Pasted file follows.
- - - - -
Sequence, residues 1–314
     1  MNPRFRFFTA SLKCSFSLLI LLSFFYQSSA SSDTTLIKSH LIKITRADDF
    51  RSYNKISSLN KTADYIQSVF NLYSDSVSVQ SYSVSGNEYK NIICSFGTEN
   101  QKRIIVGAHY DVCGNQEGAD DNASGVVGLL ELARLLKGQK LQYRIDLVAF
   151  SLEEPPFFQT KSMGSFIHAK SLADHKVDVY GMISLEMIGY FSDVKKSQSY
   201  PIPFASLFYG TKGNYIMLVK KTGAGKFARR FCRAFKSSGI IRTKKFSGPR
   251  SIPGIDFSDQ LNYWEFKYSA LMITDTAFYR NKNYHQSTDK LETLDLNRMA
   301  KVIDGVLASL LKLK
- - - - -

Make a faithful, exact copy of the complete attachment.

Sequence, residues 1–314
     1  MNPRFRFFTA SLKCSFSLLI LLSFFYQSSA SSDTTLIKSH LIKITRADDF
    51  RSYNKISSLN KTADYIQSVF NLYSDSVSVQ SYSVSGNEYK NIICSFGTEN
   101  QKRIIVGAHY DVCGNQEGAD DNASGVVGLL ELARLLKGQK LQYRIDLVAF
   151  SLEEPPFFQT KSMGSFIHAK SLADHKVDVY GMISLEMIGY FSDVKKSQSY
   201  PIPFASLFYG TKGNYIMLVK KTGAGKFARR FCRAFKSSGI IRTKKFSGPR
   251  SIPGIDFSDQ LNYWEFKYSA LMITDTAFYR NKNYHQSTDK LETLDLNRMA
   301  KVIDGVLASL LKLK